Laboratory Safety Standards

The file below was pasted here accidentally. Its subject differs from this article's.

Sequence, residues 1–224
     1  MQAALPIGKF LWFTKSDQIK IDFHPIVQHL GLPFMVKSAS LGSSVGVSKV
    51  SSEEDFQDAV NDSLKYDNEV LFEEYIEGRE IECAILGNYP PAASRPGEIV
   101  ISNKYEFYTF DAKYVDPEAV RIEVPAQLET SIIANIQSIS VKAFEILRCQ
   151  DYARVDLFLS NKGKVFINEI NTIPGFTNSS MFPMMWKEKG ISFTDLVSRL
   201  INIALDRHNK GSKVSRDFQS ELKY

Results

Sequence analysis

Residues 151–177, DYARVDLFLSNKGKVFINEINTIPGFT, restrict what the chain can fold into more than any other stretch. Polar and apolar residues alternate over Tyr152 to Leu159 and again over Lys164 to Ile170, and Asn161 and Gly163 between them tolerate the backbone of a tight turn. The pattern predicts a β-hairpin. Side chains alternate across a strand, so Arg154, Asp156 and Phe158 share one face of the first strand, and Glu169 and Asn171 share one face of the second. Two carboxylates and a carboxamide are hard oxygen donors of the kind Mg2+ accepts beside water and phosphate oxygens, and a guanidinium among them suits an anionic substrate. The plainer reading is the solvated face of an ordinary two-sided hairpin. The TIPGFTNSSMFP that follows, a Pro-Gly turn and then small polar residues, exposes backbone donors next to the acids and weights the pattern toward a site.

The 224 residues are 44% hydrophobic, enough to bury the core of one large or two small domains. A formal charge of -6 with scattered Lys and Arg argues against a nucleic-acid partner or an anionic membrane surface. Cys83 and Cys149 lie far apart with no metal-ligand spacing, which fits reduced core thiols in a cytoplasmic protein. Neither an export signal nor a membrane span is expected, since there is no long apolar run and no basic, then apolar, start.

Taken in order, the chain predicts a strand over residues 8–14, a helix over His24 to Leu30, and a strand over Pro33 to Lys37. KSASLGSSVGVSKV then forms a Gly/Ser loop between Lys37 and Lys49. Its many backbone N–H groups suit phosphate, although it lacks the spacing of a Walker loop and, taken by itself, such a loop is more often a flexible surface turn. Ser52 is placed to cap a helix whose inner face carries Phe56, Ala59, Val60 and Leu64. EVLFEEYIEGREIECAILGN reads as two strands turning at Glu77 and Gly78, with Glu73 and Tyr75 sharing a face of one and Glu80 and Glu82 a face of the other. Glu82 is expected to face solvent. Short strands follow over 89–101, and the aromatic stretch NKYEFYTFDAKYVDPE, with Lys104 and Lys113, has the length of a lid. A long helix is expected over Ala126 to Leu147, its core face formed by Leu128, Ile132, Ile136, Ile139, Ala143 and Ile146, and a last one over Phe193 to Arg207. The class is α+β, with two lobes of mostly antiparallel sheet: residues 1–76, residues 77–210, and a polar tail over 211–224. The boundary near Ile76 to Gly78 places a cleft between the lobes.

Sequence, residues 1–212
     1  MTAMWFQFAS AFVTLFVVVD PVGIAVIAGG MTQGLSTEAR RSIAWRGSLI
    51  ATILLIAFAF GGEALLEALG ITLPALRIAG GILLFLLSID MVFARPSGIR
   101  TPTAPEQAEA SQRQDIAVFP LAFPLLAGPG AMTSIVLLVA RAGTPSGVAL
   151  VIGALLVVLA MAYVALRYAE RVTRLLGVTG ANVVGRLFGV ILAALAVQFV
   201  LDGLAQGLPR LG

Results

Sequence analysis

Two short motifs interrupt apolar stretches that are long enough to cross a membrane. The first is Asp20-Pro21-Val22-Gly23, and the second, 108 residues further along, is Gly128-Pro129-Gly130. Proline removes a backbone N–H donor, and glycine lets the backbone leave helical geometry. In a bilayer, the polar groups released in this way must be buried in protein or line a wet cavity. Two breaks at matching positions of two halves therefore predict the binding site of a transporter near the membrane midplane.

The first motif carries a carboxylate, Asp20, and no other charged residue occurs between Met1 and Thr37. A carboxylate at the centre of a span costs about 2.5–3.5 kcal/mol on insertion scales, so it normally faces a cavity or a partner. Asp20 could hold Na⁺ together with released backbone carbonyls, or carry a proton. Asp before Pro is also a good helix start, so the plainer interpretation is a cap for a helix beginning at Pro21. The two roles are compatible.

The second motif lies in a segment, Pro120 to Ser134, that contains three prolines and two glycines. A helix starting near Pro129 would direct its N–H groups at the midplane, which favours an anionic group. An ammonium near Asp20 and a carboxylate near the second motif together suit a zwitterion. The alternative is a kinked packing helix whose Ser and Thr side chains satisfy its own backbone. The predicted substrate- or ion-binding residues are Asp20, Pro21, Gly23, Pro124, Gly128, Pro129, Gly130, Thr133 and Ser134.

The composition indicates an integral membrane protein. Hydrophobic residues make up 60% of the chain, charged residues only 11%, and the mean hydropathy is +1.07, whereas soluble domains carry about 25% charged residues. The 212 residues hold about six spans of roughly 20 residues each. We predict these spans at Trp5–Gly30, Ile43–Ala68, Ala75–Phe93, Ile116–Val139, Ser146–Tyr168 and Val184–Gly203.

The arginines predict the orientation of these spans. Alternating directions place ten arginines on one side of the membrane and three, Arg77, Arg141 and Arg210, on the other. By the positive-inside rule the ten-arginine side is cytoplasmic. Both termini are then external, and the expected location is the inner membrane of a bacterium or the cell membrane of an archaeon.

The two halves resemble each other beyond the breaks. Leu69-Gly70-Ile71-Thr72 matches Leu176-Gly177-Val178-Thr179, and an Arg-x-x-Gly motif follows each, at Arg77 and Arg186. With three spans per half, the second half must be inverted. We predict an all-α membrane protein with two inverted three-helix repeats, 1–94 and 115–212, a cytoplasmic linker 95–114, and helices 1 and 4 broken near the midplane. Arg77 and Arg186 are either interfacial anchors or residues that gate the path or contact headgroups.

A school science laboratory is an excellent setting for students to explore and investigate the world around them. Almost every part of students’ lives is affected by science. Allowing them to see, touch, and manipulate objects in a laboratory situation gives students the real world experience to get them excited about science and to prepare them for college and beyond. However, James A. Kaufman, director of the Laboratory Safety Institute, proposes that most schools do a poor job of protecting students and teachers in the laboratory environment (Kaufman, 2002). He explains that while administration is quick to react on issues involving the health and safety of students, there is one area that has received little attention from school management. Kaufman (2002) writes, “That issue [area] is laboratory safety and the health and safety awareness in general, in the teaching of science (p. 1).” In 1984, the Council of State Science Supervisors, in cooperation with the National Science for Occupational Safety and Health and the U.S. Consumer Product Safety Commission, published a safety guide titled, School Science Laboratories: A Guide to Some Hazardous Substances. Since then, the guide has been updated and revised to reflect updated science curricula. The latest guide, titled, School Chemistry Laboratory Safety Guide, was published in 2006 and provides teachers with quick reference to create a safe learning environment for their students when working in a science laboratory (U.S. Consumer Product Safety Commission, 2006). The School Chemistry Laboratory Safety Guide explains that “students develop attitudes toward safety and acquire habits of assessing hazards and risks when they are young (U.S. Consumer Product Safety Commission, 2006, p. 2).” Our students have diverse backgrounds and experiences, many with no hands on training in handling chemicals or equipment; whereas, others are well prepared for risk assessment and safety planning (U.S. Consumer Product Safety Commission, 2006). The Commission (2006) explains that the “school science lab provides an opportunity to instill good attitudes and habits by allowing students to observe and select appropriate practices and perform laboratory operations safely (p. 2).” The guide suggests that teachers work safety standards into their curriculum in informative and beneficial ways by making it interesting to the students. OSHA is a Federal Agency that disseminates and enforces standards dealing with occupational safety and health as they apply to Federal and private employees in the workplace. “The Occupational Safety and Health Act of 1970 requires employers to provide safety and health protection for teachers and other school system employees (U.S. Consumer Product Safety Commission, 2006, p. 2).” Section 18 of the Occupational Safety and Health Act gives states the allowance to develop OSHA-approved state plans, thus granting the state regulatory and enforcement responsibilities for occupational safety and health within their own state (CDC - NIOSH Publications and Products - Safety Checklist Program for Schools, 2003). The "State-plan" states must create standards and enforcement that are identical to, or at least as protective as, Federal OSHA standards and are required to extend their coverage to all state and local government workers, including those in public schools. Minnesota has an OSHA-approved State plan; North Dakota does not (CDC - NIOSH Publications and Products - Safety Checklist Program for Schools, 2003). OSHA has no authority to inspect or enforce standards in public schools in states without state plans. However, the local Federal OSHA office may be able to provide hazard recognition assistance and technical support (CDC - NIOSH Publications and Products - Safety Checklist Program for Schools, 2003). Compliance assistance information is also available on OSHA’s website. There is no Federal law...
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